I am fortunate to be a Senior Partner with the Envision Group and work with many exceptionally talented people across North America. I am also fortunate to be collaborating with several other seasoned professionals closer to home. This diverse teams of business all-stars have helped me create a number of sales programs designed to help salespeople grow closer to their potential. The focus is very much on ‘new school’ skills we all need to learn, practice and incrementally improve on over time. Topics include skills such as:
These programs are available virtually and when appropriate, in-person.
Let's work together to professionalize sales by providing better training and coaching support for the people who chose to work in this incredibly important area of our organizations.
If you’re ready to grow your organization, or grow as a sales professional, let’s talk.
Think about the last time you were in a work situation where you were handed a new assignment or were given a promotion. Did you think to yourself ‘oh boy, I am in over my head on this one’. Or maybe ‘This is it – I can’t do this and now everyone’s going to know I’m a failure’.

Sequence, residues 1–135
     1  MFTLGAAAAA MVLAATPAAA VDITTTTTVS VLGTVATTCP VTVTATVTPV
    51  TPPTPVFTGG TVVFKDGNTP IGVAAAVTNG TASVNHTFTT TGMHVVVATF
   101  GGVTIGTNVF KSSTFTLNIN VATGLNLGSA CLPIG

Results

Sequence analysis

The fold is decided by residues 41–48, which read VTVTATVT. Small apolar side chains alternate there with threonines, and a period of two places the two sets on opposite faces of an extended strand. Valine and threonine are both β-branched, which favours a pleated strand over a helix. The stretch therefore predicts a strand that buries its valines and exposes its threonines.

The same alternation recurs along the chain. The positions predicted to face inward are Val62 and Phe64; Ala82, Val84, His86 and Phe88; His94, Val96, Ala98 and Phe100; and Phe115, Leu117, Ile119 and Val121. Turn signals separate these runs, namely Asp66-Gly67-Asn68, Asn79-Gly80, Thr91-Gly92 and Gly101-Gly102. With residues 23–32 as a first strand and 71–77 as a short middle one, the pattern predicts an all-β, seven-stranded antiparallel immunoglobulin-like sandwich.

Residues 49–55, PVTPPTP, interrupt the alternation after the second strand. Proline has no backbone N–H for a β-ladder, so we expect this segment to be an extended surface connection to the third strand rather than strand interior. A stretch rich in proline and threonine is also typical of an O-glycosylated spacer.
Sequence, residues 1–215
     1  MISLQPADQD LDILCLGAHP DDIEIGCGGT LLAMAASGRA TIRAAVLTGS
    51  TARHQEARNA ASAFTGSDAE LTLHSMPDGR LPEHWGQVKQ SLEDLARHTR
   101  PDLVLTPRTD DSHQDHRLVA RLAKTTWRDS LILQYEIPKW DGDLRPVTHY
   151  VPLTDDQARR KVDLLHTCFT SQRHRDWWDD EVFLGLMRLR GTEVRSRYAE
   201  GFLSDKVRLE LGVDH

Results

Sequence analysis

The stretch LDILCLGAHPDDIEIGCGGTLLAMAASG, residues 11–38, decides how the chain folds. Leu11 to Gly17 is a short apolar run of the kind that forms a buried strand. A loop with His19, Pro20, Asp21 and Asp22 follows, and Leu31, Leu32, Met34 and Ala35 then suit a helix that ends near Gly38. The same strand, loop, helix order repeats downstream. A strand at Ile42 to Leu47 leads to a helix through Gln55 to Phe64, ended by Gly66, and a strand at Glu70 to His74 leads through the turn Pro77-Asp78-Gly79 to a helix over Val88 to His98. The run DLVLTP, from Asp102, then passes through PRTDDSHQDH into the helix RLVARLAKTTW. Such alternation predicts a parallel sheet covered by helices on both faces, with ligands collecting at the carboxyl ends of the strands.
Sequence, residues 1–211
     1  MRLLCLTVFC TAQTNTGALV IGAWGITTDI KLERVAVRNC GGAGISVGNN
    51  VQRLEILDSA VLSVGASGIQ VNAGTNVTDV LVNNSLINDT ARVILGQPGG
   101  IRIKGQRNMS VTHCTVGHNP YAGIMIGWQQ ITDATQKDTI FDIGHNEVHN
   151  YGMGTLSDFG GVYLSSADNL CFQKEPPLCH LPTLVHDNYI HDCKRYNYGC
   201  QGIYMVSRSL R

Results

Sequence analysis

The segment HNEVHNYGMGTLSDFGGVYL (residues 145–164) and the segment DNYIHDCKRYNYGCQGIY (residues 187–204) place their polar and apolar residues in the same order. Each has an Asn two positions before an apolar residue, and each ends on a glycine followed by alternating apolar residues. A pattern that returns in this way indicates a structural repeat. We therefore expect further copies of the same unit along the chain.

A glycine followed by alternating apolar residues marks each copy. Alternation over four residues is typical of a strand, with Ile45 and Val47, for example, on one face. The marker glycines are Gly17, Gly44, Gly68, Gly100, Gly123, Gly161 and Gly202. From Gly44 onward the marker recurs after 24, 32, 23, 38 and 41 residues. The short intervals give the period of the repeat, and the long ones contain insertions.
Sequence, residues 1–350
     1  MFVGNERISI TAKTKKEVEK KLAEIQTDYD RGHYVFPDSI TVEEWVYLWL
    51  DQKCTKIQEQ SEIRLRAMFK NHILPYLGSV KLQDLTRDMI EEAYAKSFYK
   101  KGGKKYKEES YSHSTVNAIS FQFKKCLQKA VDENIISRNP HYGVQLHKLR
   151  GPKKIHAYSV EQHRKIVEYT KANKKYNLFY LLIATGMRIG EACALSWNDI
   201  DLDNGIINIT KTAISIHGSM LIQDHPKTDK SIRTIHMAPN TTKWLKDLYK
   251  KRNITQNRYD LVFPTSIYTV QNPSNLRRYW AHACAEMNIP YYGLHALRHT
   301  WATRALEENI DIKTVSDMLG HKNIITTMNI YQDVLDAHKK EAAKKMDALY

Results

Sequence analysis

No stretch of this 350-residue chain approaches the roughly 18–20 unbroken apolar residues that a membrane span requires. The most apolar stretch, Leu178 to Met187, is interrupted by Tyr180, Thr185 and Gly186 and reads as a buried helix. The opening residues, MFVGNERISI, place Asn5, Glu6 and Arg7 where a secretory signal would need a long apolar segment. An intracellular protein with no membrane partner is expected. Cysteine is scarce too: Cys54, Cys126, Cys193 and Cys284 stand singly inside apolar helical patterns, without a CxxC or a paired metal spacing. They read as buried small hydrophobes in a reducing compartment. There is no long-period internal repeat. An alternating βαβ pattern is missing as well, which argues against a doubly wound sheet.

And what happened?
My guess is, with some hard work, persistence, support etc., you did it. Right?
Why am I writing about this now? I have sense that if you’re reading this, we have had similar experiences and doubts in ourselves.
Imposter syndrome: The persistent inability to believe that one's success is deserved or has been legitimately achieved as a result of one's own efforts or skills.
In her article Overcoming Imposter Syndrome, author Gill Corkindale states that Imposter syndrome can be defined as a collection of feelings of inadequacy that persist despite evident success. ‘Imposters’ suffer from chronic self-doubt and a sense of intellectual fraudulence that override any feelings of success or external proof of their competence
I have known for a long time that fear of failure is a HUGE motivator for me. I think it always has been. For example:
University – I wasn’t a great student. But in university I knew I couldn’t goof around anymore. Especially as my parents were paying for me. To make it even harder on myself, I took a Business minor. To avoid failure, I worked my butt off and studied all the time. I graduated with high marks and had way better marks than High School.
Sprint Canada – Everyone seemed smarter, more talented and better looking than me. Crap, I should have stayed where I was. Fast forward 15 years and I can look back on an extremely successful career and made many great friends along the way
KPMG – What am I doing?!?! These people are smart and established professionals. Those 3 years turned out to be extremely rewarding and I Iearned a lot about business and professional services. Most importantly, I started to get a sense that I was more capable, adaptable and resourceful than I gave myself credit.